Sir William Longspée the Younger was born in about 1212. His father, William Longspée, was an illegitimate son of Henry II, friend of William Marshal, 1st Earl of Pembroke and husband of Ela of Salisbury, the suro jure countess.
William’s father was an influential man and chivalrous man but the earl died not long after he was shipwrecked in 1225. Rumour whispered that Hubert de Burgh, Earl of Kent had a hand in his death through poison but by then Hubert was not a popular man. Unfortunately for William II, his mother Ela held the title in her own right so William the Younger could not legally carry the title although he did attempt to claim it.
In 1233 he sailed close to rebellion because of his friendship with Richard Marshal who took the Marches to war when one of Gilbert Basset’s manors in Wiltshire was unlawfully seized on the kings orders. Another of Marshal’s adherents Richard Siward was wrongfully imprisoned at about the same time. The king was accused of listening to the advice of his advisor the Bishop of Winchester, Peter des Roches who advocated that kings could do as they wished.
The so-called Marshal War was largely a March affair but it resulted in Shrewsbury being burned and Henry III experiencing the embarrassment of the Welsh routing his army – who were sleeping soundly in their tents at Grosmont Castle when Llewelyn’s army arrived. Longspee did not become involved but he was required to hand over his daughter as a hostage for his good behaviour when he threatened to join the rebellious barons. The Crown perhaps recognising that they were on thin ice placed the girl in the custody of her grandmother.
By 1240 William decided to go on Crusade in the service of Richard of Cornwall, Henry III’s younger brother, who sailed for the Holy Land via Marseilles. Two other groups of nobles set off at the same time including Simon de Montfort. Cornwall’s party included his own extended family, of whom Longspée was a part. William didn’t see action, returning with Cornwall in the spring of 1241.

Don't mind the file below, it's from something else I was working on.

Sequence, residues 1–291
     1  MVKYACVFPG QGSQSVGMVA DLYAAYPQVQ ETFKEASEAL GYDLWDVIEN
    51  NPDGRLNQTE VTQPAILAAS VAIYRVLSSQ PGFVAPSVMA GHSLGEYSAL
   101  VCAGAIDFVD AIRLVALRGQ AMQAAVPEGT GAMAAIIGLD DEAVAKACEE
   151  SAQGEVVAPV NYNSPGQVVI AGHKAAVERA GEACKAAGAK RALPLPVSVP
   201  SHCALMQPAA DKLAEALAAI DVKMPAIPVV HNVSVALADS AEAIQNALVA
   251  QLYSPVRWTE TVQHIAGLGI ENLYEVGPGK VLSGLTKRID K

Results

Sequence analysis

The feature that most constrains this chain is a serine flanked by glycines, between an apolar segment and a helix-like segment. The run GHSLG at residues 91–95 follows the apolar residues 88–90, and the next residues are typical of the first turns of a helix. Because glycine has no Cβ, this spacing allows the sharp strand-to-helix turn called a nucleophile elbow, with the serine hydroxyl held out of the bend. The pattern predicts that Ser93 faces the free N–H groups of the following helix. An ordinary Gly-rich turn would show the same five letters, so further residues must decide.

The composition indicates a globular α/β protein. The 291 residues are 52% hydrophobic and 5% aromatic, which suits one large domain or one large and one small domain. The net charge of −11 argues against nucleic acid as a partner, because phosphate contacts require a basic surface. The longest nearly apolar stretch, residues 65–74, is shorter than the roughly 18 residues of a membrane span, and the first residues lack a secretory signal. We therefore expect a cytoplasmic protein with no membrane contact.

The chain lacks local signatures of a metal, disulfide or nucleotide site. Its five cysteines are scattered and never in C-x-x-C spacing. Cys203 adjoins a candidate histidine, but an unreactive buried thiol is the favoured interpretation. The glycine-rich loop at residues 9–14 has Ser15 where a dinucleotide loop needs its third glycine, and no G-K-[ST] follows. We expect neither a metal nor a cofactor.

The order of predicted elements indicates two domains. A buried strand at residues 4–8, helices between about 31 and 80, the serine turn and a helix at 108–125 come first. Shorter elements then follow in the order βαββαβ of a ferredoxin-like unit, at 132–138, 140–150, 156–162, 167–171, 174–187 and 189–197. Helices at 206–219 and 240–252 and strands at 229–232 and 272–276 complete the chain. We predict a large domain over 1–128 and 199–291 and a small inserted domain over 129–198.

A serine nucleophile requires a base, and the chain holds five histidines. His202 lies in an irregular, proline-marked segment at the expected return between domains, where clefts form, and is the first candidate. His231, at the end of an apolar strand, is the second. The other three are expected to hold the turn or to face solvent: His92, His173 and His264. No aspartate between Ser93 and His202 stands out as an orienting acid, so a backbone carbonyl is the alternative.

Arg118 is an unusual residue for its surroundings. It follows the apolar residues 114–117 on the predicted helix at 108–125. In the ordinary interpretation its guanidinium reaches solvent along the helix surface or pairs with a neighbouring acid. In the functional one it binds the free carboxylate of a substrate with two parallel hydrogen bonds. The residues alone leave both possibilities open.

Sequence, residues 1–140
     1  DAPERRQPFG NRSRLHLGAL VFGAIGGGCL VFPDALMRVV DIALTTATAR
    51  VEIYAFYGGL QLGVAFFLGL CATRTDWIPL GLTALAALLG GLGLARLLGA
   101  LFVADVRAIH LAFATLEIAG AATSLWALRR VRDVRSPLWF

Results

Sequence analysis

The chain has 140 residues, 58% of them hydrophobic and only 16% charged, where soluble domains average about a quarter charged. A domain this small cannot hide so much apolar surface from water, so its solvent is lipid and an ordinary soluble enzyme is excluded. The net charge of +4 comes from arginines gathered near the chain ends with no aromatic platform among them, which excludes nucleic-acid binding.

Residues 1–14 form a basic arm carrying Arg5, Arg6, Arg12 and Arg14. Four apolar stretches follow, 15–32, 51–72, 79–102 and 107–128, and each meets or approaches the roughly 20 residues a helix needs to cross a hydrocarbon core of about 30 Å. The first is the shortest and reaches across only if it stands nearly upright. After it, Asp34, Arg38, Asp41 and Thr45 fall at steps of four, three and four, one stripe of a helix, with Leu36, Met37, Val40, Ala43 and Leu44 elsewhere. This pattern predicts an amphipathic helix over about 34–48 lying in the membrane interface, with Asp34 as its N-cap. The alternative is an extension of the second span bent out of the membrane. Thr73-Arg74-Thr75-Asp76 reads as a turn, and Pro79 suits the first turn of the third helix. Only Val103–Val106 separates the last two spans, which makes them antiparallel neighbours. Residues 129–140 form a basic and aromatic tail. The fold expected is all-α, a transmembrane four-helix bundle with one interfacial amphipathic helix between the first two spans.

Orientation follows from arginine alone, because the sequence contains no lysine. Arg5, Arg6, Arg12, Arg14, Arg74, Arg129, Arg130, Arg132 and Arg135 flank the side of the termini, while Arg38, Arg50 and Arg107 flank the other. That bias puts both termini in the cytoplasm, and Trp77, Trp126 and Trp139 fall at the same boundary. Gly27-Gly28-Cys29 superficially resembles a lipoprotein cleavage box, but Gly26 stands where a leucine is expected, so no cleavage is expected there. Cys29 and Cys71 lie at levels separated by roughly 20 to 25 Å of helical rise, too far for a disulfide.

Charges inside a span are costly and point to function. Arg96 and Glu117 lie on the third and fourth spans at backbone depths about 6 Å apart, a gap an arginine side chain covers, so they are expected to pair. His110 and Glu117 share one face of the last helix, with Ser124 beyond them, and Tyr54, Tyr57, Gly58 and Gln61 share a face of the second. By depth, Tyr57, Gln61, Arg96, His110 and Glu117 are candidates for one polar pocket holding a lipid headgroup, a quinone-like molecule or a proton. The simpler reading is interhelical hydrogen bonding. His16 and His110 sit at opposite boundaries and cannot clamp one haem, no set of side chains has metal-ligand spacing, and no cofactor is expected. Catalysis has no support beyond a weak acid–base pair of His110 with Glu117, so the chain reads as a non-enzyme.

He returned to the Holy Land in 1247 on a second crusade with the French king, Louis IX against the Egyptian mamlukes. To raise the funds for the endeavour he sold a charter to the town of Poole. It was during this crusade that he gained renown for his daring and ultimately his death as reported by the chronicler Matthew Paris which, in the long term, did nothing to help Anglo-French relations. It was reported that the Count d’Artois tricked Longspée into making an attack before the French king was in place with his own troops. Longspée, his men and 280 knights templars were killed during the encounter.
An effigy was erected in Salisbury Cathedral although his remains were buried in the Holy Land at Acre.
Although William was married and had several children, his own heir, another William, also predeceased Ela of Salisbury who died in 1261. William the even younger’s (sorry couldn’t think of anything snappier) only child, Margaret, married Henry de Lacy, 3rd Earl of Lincoln. Margaret became suo jure Countess of Salisbury in her own right following her grandmother’s death.
The female line continued to hold the earldom of Salisbury. Margaret’s daughter Alice de Lacy became the suo jure countess of Lincoln and Salisbury after one of her brothers fell down a well and the other one fell off a parapet at Pontefract Castle. Alice was unhappily married to Edward I’s nephew Thomas of Lancaster from childhood. The inheritance, when it fell into Thomas’s lap, made him the wealthiest man in the kingdom. Alice’s turbulent life is well worth the retelling: it includes two kidnaps and imprisonment demonstrating that, on occasion, life as an heiress wasn’t all it was cracked up to be. Alice died without children in 1348.
The earldom of Lincoln fell into abeyance but the earldom of Salisbury had already been forfeited in 1322. The lands which had once belonged to the Longspée dynasty passed back up the collateral line to James Audley who was descended from William Longspée the younger’s eldest daughter Ela who was married into the Audley family.
The title would be recreated for Edward III’s friend William Montagu or Montacute depending upon your preference. And from there it’s a hop and a skip to Richard Neville Earl of Warwick (a.k.a. The Kingmaker).
If you would like to find out about William Longspée, Earl of Salisbury’s mother she can be found in Medieval Royal Mistresses and Alice Montagu, 5th Countess of Salisbury appears in my forthcoming book about The Kingmaker’s Women.